Treasury secretary Steven Mnuchin has said that the US is open to changing how it determines which nations are gaming their currencies. Mint gives the lowdown on the currency manipulation list prepared by the US and where India stands with respect to it.
The US Department of the Treasury publishes a semi-annual report in which the developments in global economic and exchange rate policies are reviewed. If a US trade partner meets three assessment criteria, the US labels it a currency manipulator. The US then tries to solve it via bilateral talks.
The October report of the Treasury says that it continues to press major trading partners that have maintained large, persistent external surpluses to support stronger and more balanced global growth by facilitating domestic demand growth as the primary engine for economic expansion.
How are countries identified for the currency manipulation list?
The US Treasury has established thresholds for the three criteria. First, a significant bilateral trade surplus with the US is one that is at least $20 billion; second, a material current account surplus is one that is at least 3% of GDP; and third, persistent, one-sided intervention reflected in repeated net purchases of foreign currency and total at least 2% of an economy’s GDP over a year. The Treasury’s goal is to focus attention on those nations whose bilateral trade is most significant to the US economy and whose policies are the most material for the global economy.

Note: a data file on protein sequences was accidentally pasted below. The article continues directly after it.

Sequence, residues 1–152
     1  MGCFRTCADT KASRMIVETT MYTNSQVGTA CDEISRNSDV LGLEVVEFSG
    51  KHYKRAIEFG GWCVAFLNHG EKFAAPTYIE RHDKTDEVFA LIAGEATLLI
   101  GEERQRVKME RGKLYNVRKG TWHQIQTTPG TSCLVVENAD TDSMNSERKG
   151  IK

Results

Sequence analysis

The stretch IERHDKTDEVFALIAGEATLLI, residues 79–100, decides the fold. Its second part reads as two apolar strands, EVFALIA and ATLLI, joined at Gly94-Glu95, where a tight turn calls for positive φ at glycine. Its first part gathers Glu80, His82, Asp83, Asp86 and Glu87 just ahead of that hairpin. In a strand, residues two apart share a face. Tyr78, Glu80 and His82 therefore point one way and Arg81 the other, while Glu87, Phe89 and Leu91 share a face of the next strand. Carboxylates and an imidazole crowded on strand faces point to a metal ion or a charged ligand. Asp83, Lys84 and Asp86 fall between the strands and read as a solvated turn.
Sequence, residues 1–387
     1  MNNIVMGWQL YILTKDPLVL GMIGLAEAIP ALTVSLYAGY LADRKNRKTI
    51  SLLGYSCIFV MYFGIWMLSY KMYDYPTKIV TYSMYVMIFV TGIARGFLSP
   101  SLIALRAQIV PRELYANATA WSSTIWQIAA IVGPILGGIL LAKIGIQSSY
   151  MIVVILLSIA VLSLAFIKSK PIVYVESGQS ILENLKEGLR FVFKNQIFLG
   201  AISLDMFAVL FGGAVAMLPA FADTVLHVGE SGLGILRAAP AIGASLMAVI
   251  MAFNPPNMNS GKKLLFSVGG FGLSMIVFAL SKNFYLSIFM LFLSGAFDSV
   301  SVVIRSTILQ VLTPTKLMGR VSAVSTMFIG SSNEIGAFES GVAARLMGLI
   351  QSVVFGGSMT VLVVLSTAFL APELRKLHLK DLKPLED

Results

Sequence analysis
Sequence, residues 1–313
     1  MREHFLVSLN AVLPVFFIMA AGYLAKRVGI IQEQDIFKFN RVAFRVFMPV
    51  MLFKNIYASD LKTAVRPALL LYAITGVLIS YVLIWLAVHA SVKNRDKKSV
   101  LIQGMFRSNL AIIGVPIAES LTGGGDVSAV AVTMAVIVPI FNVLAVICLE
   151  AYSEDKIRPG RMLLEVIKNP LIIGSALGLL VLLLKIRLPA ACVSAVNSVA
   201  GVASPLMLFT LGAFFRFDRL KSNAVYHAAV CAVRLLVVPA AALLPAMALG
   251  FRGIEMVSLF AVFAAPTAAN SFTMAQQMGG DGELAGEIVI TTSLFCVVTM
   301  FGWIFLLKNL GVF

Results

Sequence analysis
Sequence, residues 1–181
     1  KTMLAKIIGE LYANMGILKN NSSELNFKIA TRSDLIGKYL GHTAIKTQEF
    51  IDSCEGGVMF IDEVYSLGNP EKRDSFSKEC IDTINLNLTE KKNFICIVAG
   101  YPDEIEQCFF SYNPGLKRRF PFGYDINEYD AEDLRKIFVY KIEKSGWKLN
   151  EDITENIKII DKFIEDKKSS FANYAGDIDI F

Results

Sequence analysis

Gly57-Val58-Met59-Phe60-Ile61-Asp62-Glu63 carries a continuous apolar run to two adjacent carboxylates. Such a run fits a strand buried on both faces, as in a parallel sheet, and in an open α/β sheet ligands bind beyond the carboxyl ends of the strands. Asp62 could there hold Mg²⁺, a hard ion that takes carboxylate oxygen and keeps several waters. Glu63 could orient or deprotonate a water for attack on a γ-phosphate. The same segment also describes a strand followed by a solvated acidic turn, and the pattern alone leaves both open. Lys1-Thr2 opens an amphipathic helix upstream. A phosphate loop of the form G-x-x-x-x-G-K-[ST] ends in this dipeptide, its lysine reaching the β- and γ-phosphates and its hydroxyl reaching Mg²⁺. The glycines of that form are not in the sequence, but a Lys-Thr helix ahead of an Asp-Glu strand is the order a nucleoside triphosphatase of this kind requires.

Such currencies have been falling against the dollar. Japan’s yen fell 0.13%, South Korea’s won slipped 5.13%, Switzerland’s Swiss Franc fell 2.3% and China’s yuan dropped 6.3%.
Does India feature on the currency manipulation list?
The US Treasury, in its report, said no major trading partner met the criteria to be designated as manipulating its currency. It has kept India, China, Japan, South Korea, Germany and Switzerland on the monitoring list. It said that India’s circumstances have shifted markedly, as the central bank’s net sales of forex over the first six months of 2018 led net purchases over the four quarters through June 2018 to fall to $4 billion, or 0.2% of GDP. The rupee has depreciated by 13.05% this fiscal.
Do policymakers in India need to worry?
Economists say India doesn’t need to worry as it only meets one of the three criteria. If this remains the case at the time of its next report, Treasury would remove India from the Monitoring List. India being on the watch list was not important. If we were to be labelled as manipulators, there would have been pressure on India to reduce tariffs.